- Capitalism and Alternatives -

Response to Bill and Barry

Posted by: MDG ( USA ) on October 26, 1999 at 16:06:58:

In Reply to: Marxism keeps recovering from death posted by bill on October 26, 1999 at 11:01:42:

: Oh yeah-
: Alta Vista lists the following number of sites for-
: Karl Marx - 44766
: Marxism - 48940
: Adam Smith- 31888
: Feudalism - 4439

My search for "Capitalism" on Alta Vista resulted in 104,300 sites. What do our two searches prove? Not much, at least as far as the merits of capitalism versus communism.

While I find much admirable about Marxism, I need only look at the world around me to conclude that a Marxist society is highly unlikely. A quick review of communist countries past and present shows that they are failures, economically and/or socially. Whether or not they were truly Marxist, and whether or not they were sabotaged by either antagonistic capitalist countires, internal strongmen, or both, the fact remains that there is no communist country past or present which I would want to live in.

You might say that the United States, as the premiere capitalistic country, also fails both economically and socially, and I would not be inclined to disagree. However, we do enjoy more freedoms here than anywhere on Earth. We are the engine of radical and revolutionary movements such as women's rights, civil rights, environmentalism, animal rights, disability rights, children's rights, etc. Unfortunately, the Iranians are not far off the mark when they call us the Great Satan -- given our predatory treatment of other nations and our own poor & disenfranchised -- and I fear we're getting worse, not better, although you never know.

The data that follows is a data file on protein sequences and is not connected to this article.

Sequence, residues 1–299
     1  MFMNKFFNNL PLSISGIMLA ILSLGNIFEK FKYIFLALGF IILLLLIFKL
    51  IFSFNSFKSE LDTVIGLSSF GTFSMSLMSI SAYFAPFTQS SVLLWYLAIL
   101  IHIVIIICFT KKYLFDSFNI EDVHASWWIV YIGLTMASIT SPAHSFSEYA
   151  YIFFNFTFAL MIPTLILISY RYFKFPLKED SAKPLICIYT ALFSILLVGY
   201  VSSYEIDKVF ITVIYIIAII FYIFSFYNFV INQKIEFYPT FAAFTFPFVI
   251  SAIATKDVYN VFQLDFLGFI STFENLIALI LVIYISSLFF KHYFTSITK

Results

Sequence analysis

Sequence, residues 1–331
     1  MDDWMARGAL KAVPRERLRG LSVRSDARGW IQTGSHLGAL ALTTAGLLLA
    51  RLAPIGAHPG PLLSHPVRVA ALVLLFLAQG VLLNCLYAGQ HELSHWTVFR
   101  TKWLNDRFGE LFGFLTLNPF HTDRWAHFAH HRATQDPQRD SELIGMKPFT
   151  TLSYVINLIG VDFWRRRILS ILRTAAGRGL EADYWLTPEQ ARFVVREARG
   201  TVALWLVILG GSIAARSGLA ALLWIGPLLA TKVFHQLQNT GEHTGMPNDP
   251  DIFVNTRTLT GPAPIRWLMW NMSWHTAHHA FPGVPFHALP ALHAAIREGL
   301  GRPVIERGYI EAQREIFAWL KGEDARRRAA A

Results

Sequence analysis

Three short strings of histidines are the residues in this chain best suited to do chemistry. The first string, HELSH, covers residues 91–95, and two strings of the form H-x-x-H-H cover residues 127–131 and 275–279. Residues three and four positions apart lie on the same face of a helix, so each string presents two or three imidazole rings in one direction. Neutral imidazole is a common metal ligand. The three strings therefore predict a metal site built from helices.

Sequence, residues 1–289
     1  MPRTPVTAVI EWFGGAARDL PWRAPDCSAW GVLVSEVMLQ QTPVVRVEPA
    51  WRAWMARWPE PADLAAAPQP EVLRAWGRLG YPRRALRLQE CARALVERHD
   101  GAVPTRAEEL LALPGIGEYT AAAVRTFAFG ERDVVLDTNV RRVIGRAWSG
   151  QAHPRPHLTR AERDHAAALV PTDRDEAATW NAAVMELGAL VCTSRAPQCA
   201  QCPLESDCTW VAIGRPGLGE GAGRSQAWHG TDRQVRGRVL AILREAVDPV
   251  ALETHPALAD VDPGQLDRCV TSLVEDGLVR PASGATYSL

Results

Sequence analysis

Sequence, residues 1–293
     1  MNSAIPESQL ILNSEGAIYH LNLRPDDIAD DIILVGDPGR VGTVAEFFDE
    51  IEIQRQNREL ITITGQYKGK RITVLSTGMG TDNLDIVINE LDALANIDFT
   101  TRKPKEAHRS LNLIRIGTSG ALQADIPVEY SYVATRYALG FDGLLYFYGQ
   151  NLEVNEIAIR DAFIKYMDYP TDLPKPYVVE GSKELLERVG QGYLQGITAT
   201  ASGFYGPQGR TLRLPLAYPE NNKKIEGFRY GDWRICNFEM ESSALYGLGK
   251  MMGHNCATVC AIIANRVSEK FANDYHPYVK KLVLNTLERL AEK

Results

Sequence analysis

Back to Marxism. Yes, the world is full of serious and thoughtful people such as yourselves. You study Marxism, defend it eloquently, and advocate vigorously on its behalf. But I fear that history, fairly or unfairly, has irreversibly condemned Marxism as a bad time whose time has come and gone. And maybe it has. Maybe Marxism only succeeded (in taking over) in a few countries like Tsarist Russia or Royal China; can it succeed in "democratic" countries like the United States or Great Britain? Perhaps, but personally, I think we need to move on to political movements better suited for Year 2000, such as the Green movement.

Pessimist that I am, however, I would bet my money on the corporation-dominated future William Harrison envisioned in "Rollerball."

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